Saving Interest IRS

The government wants your savings interest — Banks are mandated to report you to the IRS

Better pay up when you get more than 3 hundredths of a percent interest

I have been following along as some of the new rules proposed in the Build Back Better Plan have been published and discussed.

The new law has not been passed by Congress or signed by the president, but a lot of provisions have been spotlighted. In some cases that resulted in removal from the original version, in some cases it illuminated something that was hidden — at least it was for me.

Did you know (and this is the law already — not proposed)?

Banks and other businesses are required to send you a Form 1099-INT if they pay you $10 or more in interest during the year.

Actually, there is no minimum interest payment you can receive and not have to report it. Banks and anybody else who gives you $10 or more in a year has to issue the form, but any interest you earn has to be reported in your tax return, even if you did not receive the form 1099-INT.

I did not know that my bank informs the IRS that I received $10 in interest — Did you?

Well, the other interesting aspect is: Did they report on you recently or not?

For most Americans it is unlikely. Here is why.

As you can see and probably know the actual interest earned on a savings account has pretty much disappeared in the last few years.

When does the automatic reporting rule actually get triggered?

Anybody who follows our website, YouTube channel, or social media postings or has heard me talk about our investment strategy in podcasts knows that I always suggest accumulating about $30,000.00 and then purchasing the first investment property that performs well and gets you onto your journey to your Time Freedom Point.

Let’s just say, for argument’s sake, that you have accumulated this first investment threshold or for some other reason accumulated this amount in your savings account and you did not spend it for a year.

Did your bank report you to the IRS?

Looking at the image above, I can tell you: if your savings account is with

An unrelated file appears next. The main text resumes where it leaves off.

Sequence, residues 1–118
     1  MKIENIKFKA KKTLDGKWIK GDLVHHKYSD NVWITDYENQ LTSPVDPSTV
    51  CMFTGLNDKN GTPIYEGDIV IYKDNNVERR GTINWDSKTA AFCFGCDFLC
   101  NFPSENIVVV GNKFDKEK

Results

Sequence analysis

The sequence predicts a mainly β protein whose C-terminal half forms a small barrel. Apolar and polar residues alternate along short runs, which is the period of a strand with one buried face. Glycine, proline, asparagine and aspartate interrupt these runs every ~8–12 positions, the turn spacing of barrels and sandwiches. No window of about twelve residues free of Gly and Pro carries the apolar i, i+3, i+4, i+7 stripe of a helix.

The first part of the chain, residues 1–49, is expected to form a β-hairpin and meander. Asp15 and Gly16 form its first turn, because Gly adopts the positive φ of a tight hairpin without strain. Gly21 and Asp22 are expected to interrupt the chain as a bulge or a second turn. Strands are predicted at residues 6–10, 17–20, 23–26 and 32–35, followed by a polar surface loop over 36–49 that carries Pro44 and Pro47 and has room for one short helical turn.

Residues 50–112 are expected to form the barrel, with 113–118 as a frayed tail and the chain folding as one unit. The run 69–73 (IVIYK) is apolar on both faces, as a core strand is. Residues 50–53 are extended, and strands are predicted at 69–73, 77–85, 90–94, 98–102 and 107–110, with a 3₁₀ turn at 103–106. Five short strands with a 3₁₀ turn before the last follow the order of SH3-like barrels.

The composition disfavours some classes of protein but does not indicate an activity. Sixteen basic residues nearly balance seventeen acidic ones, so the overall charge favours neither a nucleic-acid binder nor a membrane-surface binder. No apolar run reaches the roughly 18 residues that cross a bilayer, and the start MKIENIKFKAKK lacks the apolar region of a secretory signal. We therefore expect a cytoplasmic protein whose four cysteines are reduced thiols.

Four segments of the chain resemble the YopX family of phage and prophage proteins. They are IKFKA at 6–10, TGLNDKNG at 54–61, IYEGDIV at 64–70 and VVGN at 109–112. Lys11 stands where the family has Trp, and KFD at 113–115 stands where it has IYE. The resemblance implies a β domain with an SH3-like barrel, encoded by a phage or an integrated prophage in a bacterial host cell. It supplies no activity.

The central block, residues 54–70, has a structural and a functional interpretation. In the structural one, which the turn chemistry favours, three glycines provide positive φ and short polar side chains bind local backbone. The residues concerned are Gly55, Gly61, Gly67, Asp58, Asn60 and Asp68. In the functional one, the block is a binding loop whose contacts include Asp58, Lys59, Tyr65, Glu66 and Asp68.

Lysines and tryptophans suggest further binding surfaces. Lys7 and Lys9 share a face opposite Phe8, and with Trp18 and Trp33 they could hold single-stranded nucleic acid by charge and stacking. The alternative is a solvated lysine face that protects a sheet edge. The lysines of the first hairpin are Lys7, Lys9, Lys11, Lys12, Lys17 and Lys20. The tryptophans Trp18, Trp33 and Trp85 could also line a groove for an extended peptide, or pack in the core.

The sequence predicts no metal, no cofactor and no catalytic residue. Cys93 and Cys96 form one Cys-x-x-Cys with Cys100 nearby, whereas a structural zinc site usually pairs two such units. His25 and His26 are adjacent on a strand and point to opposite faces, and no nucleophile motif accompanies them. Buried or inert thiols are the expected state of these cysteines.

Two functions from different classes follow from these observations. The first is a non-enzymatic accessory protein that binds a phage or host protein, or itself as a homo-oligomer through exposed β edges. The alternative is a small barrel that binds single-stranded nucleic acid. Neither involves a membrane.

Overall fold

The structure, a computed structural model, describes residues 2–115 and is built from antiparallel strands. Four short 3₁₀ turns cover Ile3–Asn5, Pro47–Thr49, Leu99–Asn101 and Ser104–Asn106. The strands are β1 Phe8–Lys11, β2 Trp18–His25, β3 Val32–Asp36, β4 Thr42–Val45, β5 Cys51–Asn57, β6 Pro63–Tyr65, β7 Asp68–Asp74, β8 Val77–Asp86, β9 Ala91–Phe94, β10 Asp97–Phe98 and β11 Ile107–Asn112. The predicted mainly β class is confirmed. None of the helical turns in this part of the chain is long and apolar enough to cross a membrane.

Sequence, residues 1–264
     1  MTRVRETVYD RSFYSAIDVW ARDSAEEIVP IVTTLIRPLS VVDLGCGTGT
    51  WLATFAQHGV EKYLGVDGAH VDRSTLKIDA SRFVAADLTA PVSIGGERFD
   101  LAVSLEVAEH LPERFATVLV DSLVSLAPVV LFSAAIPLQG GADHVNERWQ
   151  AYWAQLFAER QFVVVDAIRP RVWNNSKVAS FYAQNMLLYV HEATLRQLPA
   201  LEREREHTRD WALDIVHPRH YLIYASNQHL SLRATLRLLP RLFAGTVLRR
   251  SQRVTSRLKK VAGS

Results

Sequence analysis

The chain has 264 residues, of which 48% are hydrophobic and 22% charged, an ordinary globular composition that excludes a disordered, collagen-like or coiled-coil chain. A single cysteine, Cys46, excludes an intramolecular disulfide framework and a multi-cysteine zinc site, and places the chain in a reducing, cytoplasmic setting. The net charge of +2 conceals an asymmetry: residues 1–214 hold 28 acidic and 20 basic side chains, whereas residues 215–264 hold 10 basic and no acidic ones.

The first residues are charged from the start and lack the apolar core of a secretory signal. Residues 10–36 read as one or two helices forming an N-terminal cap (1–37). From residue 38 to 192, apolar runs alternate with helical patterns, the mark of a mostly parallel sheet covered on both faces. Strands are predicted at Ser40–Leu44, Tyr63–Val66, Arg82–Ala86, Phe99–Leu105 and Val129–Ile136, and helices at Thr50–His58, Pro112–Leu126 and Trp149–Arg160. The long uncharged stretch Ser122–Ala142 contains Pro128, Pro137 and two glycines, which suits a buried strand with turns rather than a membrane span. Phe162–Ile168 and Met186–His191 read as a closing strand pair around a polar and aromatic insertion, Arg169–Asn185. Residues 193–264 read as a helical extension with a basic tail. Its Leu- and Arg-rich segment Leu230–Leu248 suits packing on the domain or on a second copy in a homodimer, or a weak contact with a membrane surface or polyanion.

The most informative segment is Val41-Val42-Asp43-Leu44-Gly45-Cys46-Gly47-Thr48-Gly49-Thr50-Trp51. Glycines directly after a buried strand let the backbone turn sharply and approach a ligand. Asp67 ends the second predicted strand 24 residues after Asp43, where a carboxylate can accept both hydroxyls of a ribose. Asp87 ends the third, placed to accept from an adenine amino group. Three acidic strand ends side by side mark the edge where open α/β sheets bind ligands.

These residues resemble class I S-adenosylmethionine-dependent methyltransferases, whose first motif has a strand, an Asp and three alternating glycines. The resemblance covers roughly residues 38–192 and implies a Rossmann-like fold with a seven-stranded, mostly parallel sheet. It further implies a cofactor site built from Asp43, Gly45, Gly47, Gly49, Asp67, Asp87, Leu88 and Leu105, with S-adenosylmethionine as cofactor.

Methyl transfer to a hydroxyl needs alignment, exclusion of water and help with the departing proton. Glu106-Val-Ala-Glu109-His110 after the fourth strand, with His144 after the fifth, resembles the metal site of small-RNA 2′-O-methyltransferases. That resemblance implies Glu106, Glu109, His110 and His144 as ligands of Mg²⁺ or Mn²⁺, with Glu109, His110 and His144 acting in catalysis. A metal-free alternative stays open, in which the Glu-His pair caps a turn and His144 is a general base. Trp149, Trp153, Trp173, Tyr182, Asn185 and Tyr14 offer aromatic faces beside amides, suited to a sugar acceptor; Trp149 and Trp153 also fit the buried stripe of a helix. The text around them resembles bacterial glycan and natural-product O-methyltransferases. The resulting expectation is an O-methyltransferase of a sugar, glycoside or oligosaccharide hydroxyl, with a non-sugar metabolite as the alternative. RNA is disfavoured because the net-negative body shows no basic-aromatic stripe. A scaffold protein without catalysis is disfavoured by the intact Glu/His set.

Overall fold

• Bank of America
  • Wells Fargo
  • US bank
  • Chase Bank or
  • TD bank

The answer is: No — because you did not even make $10 on your $30,000.00 savings. The government still expects you to report any money you received anyway in your taxes because it’s the law.

If your account was with Discover bank or any other bank that paid you 3 hundredths of a percent in interest, you would have exceeded the threshold and probably received a form 1099-INT as well as being reported to the IRS.

Why do they want to know and what’s coming next? One proposal was to report not only your $10 interest on your savings account but any transactions in your bank accounts that exceed $600 per year.

Here is the reasoning:

The Biden administration is actively pushing Congress to require banks to report to the Internal Revenue Service on the account activity of a huge swath of Americans. This unwarranted snooping would be an invasion of privacy, and lawmakers should make sure it doesn’t happen.

Treasury Secretary Janet Yellen and the IRS have asked Congress to mandate banks send along annual inflows and outflows from accounts with at least $600 or $600 worth of transactions. That’s a low bar that would expose the majority of bank accounts to additional scrutiny.

The administration claims this would allow the IRS to conduct audits more efficiently.